“There is a significantly long way to go,” said Marco Forgione, director-general of the Institute for Export. According to him, the 50,000 figure is almost certainly a conservative estimate of how many agents will be needed. He is calling on the government to encourage people who have lost their jobs because of the virus to re-train as customs officials.
In a sign of how the virus has sapped attention away from Brexit in Whitehall, the Freight Transport Association submitted a proposal to the Treasury on March 17 about how to set up a mass education program to train up agents. More than a month later, the lobby group hasn’t received a reply.
“My impression is it has come to a full stop,” said Rod McKenzie, managing director of policy and public affairs at the Road Haulage Association. He expressed surprised he hadn’t seen any job ads for customs agents.
Talks to seal a trade deal between Britain and the EU have been disrupted by the virus. The U.K. is seeking a Canada-style accord which would eliminate tariffs on goods but create new non-tariff barriers like customs declarations and rules-of-origin paperwork. Without a deal, the U.K. would trade with the EU on terms set by the World Trade Organization, meaning steep duties on products from cars to beef.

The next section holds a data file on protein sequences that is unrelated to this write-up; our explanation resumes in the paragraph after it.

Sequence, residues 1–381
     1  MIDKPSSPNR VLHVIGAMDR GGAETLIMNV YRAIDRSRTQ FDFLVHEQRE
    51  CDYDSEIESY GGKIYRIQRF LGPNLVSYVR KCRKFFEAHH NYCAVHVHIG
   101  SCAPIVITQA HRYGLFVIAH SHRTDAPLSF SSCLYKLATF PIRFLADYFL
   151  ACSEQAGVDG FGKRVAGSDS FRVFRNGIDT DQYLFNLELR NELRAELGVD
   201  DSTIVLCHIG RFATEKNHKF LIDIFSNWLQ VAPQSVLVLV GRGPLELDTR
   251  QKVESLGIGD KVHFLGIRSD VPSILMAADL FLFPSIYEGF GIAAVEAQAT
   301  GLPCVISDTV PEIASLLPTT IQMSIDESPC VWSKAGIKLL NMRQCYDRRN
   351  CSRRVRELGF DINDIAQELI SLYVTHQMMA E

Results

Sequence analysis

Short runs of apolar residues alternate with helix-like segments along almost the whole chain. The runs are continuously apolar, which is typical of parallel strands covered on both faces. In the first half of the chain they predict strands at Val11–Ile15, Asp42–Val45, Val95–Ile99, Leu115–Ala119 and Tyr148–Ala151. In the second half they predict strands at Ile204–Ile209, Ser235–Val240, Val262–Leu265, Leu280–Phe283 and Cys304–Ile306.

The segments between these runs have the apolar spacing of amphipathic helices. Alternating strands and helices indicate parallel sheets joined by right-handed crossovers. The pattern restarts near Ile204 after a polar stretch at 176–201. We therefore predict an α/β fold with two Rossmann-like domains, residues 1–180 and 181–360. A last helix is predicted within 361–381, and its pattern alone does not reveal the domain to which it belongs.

Need to Prepare
The two sides have until the end of June to extend the standstill period Britain entered after Brexit on Jan. 31 – but the government has repeatedly ruled out seeking a delay. Business groups such as BIFA and the FTA have called for an extension, arguing firms shouldn’t have to face the double whammy of higher trade costs while still recovering from the negative effects of coronavirus.